When is alcohol a problem?
Just like having an occasional sweet won’t ruin your entire healthy eating pattern, most people can have an alcoholic beverage on occasion without it harming their health.
However, regularly drinking alcohol too often (alcohol abuse), or drinking excessive amount of alcohol in a short time (binge drinking) can seriously harm your health and relationships.
Research shows that alcohol abuse and binge drinking increases your risk of early death, conditions such as heart and liver disease, and disability. It also has serious consequences for your financial wellbeing.
How much is too much?
According to the US National Institute for Alcohol Abuse and Alcoholism: Moderate drinking means:
Up to one drink a day for women Up to two drinks a day for men Heavy drinking means:
More than three drinks a day for women More than four drinks a day for men
Moderate drinking doesn’t mean you’re drinking safely. Drinking moderately every day still poses a great risk to your health, behaviour and relationships and it increases your risk for alcohol-use disorder.
As a general rule: The more alcohol you consume and the longer you keep doing it, the greater your level of risk.
What counts as a drink?
Don’t fall into a trap of thinking a glass of any size counts as a drink. For working out your alcohol use, a ‘drink’ is a unit of alcohol. There’s a huge difference between a pint and a bottle of beer. The kind of alcohol, its alcohol percentage and the volume all work together when you work out what counts as one drink.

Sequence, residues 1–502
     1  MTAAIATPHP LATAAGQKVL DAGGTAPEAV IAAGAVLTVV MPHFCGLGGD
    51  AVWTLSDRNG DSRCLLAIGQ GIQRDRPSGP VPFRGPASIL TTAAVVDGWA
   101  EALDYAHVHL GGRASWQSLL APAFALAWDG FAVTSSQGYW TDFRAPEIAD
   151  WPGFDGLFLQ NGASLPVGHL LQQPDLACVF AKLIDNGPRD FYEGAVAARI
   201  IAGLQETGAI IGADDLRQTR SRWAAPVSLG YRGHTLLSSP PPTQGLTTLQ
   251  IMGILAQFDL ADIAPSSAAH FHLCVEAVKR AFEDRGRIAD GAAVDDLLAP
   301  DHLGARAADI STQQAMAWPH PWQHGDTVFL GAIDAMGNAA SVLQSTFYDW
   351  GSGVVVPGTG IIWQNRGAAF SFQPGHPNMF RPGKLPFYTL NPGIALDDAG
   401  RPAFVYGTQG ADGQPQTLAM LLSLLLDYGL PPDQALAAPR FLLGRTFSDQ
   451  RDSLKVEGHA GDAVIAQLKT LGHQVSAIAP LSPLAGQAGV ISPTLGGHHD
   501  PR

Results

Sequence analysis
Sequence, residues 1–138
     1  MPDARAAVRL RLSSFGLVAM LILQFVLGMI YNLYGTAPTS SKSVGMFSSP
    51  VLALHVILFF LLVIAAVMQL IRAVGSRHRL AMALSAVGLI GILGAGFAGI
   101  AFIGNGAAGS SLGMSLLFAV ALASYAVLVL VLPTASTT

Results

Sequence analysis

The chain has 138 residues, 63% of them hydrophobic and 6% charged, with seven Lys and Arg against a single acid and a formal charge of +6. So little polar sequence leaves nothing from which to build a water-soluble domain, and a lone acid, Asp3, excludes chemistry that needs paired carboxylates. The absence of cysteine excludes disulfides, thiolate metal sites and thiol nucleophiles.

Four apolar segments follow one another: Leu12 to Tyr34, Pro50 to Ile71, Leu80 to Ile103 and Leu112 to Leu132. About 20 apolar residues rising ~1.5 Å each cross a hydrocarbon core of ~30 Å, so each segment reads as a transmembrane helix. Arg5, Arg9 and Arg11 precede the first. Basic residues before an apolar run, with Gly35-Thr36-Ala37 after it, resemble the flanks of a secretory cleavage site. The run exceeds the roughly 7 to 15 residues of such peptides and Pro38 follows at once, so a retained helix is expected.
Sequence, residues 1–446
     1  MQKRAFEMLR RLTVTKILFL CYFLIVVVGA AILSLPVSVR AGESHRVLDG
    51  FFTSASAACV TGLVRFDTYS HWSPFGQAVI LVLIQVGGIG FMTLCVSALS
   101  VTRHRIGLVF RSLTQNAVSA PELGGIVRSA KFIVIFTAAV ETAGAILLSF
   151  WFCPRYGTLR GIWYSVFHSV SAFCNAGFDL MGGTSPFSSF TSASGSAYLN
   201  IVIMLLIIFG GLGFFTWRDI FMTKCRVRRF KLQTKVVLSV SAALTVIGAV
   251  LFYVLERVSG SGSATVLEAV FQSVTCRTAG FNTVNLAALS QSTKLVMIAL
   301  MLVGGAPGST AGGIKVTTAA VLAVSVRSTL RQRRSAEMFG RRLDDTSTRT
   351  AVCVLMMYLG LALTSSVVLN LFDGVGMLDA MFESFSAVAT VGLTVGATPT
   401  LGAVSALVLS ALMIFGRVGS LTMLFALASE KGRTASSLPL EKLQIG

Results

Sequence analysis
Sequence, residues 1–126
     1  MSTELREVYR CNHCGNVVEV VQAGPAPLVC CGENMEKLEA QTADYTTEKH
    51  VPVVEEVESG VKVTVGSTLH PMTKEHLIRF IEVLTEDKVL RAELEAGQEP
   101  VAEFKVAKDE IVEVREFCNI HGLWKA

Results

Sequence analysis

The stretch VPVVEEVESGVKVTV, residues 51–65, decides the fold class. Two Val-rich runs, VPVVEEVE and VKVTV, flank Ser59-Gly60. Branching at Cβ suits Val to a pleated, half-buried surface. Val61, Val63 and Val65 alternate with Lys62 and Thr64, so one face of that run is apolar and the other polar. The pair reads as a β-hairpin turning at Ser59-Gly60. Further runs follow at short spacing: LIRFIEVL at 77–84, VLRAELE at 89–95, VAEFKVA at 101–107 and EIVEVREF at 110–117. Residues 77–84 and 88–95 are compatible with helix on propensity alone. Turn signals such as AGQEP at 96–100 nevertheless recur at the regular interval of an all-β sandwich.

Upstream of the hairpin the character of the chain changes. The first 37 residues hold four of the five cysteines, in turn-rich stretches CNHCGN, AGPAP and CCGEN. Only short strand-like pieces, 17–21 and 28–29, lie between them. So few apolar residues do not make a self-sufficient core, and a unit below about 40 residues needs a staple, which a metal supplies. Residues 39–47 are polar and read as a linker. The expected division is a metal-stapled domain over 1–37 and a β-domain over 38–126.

These all count as one drink:
A regular beer (355 ml) – 5% alcohol
A malt liquor (235 – 265 ml) – 7% alcohol
A glass of table wine (145 ml) – 12% alcohol
A glass of fortified wine, like sherry or port (89 – 120 ml) – 17% alcohol A double tot of brandy or cognac (45 ml) – 40% alcohol
What is binge drinking?
‘Binge drinking’ means drinking a lot of alcohol in a single session, usually five or more drinks for men and four or more drinks for women. Even though it takes place on a single occasion, binge drinking is a form of heavy drinking and is just as bad for you as other forms of alcohol abuse.
Overall, this type of drinking is a common, costly and deadly pattern of excessive alcohol use. It tends to be twice as common among men as among women.
How do I know if I have a problem with alcohol?
People who abuse alcohol are not always be aware of their behaviour, and cannot always acknowledge the problem.
You should listen to what trusted family members, friends and colleagues say about your use of alcohol. Also reflect on your own level of wellbeing, relationships, productivity and ability to function in carrying out everyday activities, in relation to your use of alcohol.
You might have a problem with alcohol if you:
Have a strong urge or need to drink
Drink more, or for longer, than you had intended to
Find yourself in dangerous situations while drinking or after drinking (including drunk driving, swimming, operating machinery, visiting dangerous areas, and engaging in risky sexual behaviour)
Have withdrawal symptoms when the effects of alcohol wear off or if you haven’t had alcohol such as nausea, trouble sleeping, shakiness, irritability, anxiety, depression or sweating
Spend a great deal of time in activities necessary to obtain alcohol, drinking alcohol, or recovering from its effects
Abuse other substances together with alcohol
Continue drinking, even though other people are concerned about your drinking behaviour or amount of alcohol you consume
You must drink an increasing amount to have the desired effect, and to get drunk
Have tried more than once to cut down on your drinking or stop drinking, but couldn’t Drink alcohol when you are alone, to help you sleep or manage stress
Experience increasing conflict and difficulties in your relationships as a result of your alcohol use